Vitamin D deficiency
ICD codes: E55 E83.3 What is the ICD Code?
In winter in particular, many people in Germany do not get enough vitamin D. This is important for the bones and other metabolic processes in the body. This article provides an overview of the risk factors and symptoms of a vitamin D deficiency, as well as how it can be prevented and treated.
At a glance
- Vitamin D is the collective name for calciferols, a group of fat-soluble vitamins.
- The human body produces vitamin D in sunlight.
- Fatty fish, offal, eggs, edible mushrooms and cod liver oil all contain vitamin D.
- Vitamin D is important for bone metabolism.
- A vitamin D deficiency leads to bone conditions such as rickets in children and osteomalacia in adults.
Note: The information in this article cannot and should not replace a medical consultation and must not be used for self-diagnosis or treatment.
What is a vitamin D deficiency?
The human body needs a number of substances that it cannot or not sufficiently produce itself. Vitamins are one such example. One group of these are the calciferols, otherwise known as vitamin D.
People can only produce these substances when directly exposed to UV-B radiation from the sun. This means that in northern regions, people often have a lack of vitamin D in the winter months – between about October and April.
If the body has a vitamin D deficiency, it is unable to absorb calcium from food, leading to the decalcification and ultimately the softening of the bones.
If infants receive too little vitamin D in the first few months of their lives, their bones bend and their wrists swell. This is known as rickets. However, this condition can also have other causes, including a phosphate deficiency or genetic causes.
Important: Vitamin D deficiency exists if insufficient vitamin D is found in the body over a prolonged period and clinically relevant symptoms present themselves. The vitamin D status is determined by measuring a precursor of the active vitamin D in the blood. Depending on the test method, several different values are produced. Rapid tests from pharmacies are therefore not suitable for reliably diagnosing a vitamin D deficiency.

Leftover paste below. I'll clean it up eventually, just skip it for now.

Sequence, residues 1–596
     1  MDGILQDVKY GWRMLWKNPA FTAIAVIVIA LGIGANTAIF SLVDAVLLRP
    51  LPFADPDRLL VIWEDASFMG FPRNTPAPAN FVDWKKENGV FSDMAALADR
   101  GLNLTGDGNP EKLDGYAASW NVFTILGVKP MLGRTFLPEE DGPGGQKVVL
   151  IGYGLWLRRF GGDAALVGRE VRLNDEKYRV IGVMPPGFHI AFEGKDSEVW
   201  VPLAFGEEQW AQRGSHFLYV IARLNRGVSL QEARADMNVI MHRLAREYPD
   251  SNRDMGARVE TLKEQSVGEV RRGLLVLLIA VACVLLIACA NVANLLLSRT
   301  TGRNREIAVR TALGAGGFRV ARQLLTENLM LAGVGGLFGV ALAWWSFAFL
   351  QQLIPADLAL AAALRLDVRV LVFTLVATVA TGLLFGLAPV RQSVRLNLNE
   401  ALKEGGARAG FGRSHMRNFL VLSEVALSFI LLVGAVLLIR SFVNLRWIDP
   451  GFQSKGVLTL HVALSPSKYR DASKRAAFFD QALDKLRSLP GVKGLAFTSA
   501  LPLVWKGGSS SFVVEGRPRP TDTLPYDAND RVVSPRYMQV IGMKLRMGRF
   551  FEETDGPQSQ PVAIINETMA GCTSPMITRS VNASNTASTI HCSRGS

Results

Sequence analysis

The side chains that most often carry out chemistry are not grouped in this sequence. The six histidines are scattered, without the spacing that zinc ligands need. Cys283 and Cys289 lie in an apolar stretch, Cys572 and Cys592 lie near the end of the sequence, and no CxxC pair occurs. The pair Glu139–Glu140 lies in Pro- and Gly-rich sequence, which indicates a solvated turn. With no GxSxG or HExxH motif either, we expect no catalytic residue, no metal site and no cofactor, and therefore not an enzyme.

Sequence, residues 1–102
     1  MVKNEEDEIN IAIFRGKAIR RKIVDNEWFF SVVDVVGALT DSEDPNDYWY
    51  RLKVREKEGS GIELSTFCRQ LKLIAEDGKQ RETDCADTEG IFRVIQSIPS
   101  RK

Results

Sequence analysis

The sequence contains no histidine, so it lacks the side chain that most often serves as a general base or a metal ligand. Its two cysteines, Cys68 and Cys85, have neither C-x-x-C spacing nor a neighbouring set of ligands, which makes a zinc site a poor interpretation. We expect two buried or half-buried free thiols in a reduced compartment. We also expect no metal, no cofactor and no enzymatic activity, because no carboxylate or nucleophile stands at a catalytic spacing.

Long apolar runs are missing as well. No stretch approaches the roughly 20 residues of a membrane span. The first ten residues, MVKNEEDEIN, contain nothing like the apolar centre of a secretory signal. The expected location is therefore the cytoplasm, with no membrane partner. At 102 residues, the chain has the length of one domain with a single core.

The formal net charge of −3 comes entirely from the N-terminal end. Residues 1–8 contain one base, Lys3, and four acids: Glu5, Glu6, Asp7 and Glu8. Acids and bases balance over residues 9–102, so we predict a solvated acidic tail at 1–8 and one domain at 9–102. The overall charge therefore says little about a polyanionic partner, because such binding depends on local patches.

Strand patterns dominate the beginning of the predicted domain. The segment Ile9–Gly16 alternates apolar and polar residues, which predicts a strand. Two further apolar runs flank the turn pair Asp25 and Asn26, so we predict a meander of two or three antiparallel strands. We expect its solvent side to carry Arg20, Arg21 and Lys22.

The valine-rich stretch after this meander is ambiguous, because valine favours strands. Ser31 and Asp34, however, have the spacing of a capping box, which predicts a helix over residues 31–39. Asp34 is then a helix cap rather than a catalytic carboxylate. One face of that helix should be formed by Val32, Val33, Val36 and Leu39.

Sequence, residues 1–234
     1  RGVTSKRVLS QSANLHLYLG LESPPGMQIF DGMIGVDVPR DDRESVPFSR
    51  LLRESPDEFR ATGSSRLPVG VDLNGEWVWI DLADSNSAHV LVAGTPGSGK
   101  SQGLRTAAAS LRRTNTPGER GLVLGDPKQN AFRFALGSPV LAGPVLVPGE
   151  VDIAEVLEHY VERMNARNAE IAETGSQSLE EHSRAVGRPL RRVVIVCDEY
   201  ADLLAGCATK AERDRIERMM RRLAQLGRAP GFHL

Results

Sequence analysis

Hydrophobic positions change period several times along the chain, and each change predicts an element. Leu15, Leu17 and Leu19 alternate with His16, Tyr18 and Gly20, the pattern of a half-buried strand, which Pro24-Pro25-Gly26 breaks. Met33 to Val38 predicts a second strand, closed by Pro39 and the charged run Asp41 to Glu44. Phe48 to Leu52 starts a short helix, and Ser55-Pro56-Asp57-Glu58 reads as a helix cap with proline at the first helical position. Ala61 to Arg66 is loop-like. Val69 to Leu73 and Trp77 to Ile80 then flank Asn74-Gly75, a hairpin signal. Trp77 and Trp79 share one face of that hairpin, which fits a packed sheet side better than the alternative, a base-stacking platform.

What are the symptoms of vitamin D deficiency?
Doctors diagnose a vitamin D deficiency if people have not been supplied with vitamin D for such a long time that they have some of the following symptoms:
- bone pain
- bone deformation, especially of the ribs, legs and spine
- bone fractures
- swelling where cartilage meets the bones
- softening of the back of the head
- retarded closing of the fontanelles in infants
- muscle weakness
- susceptibility to infections
What are the risk factors for a vitamin D deficiency?
People who spend little time outdoors have a higher risk of vitamin D deficiency. This particularly applies to people who are immobile, in need of care and very elderly as well as people with dark skin and who cover themselves up when outdoors for cultural or religious reasons. Even people who live or work in bright rooms can be affected as window panes block UV radiation.
Certain medical conditions such as malnutrition, chronic inflammatory bowel disorders, osteoporosis or rheumatoid arthritis also increase the risk of a vitamin D deficiency.
How can vitamin D deficiency be prevented?
To get enough vitamin D, the German Nutrition Society (DGE) recommends exposing the face, hands and parts of the arms and legs to the sun for 5 to 25 minutes per day – depending on the skin type and time of year – between 12 p.m and 3 p.m. The suggested period should be doubled in the morning between 10 a.m. and 12 p.m. and in the afternoon between 3 p.m and 6 p.m.
Unlike in the summer months, the sun’s radiation in Germany from October to March is not strong enough to ensure that the body produces enough vitamin D. However, the body can make up for this by storing larger amounts of vitamin D in spring and summer.
Vitamin D can also be absorbed from food. It is primarily found in fatty saltwater fish, offal like liver and kidneys, edible mushrooms and eggs. Cod liver oil also contains high levels of vitamin D. It should, however, be noted that food only supplies supplemental vitamin D; it cannot provide enough vitamin D on its own.
In Germany, infants in their first few months of life are given vitamin D to prevent deficiencies.
Vitamin D supplements are only recommended if an insufficiency has been detected that cannot be rectified through sunlight and diet. Elderly people living in care homes, for instance, should receive 20 micrograms of vitamin D per day as a food supplement.
How is vitamin D deficiency diagnosed?
There are several diagnostic procedures available to doctors if they suspect a vitamin D deficiency. These include:
- asking about typical symptoms, habits such as diet and exercise in the fresh air, taking medication, family history
- a physical examination
- blood tests
- for children, an X-ray of the hand to detect possible joint deformation
How is vitamin D deficiency treated?
A proven vitamin D deficiency that cannot be rectified through sunlight and diet is treated with tablets. Patients are usually also given calcium.
Do you want to know exactly what doctors class as a vitamin D deficiency or have other questions about vitamin D? Answers to frequently asked questions can be found on the Robert Koch Institute website.
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Reviewed by the German Nutrition Society (Deutsche Gesellschaft für Ernährung e.V. – DGE). As at: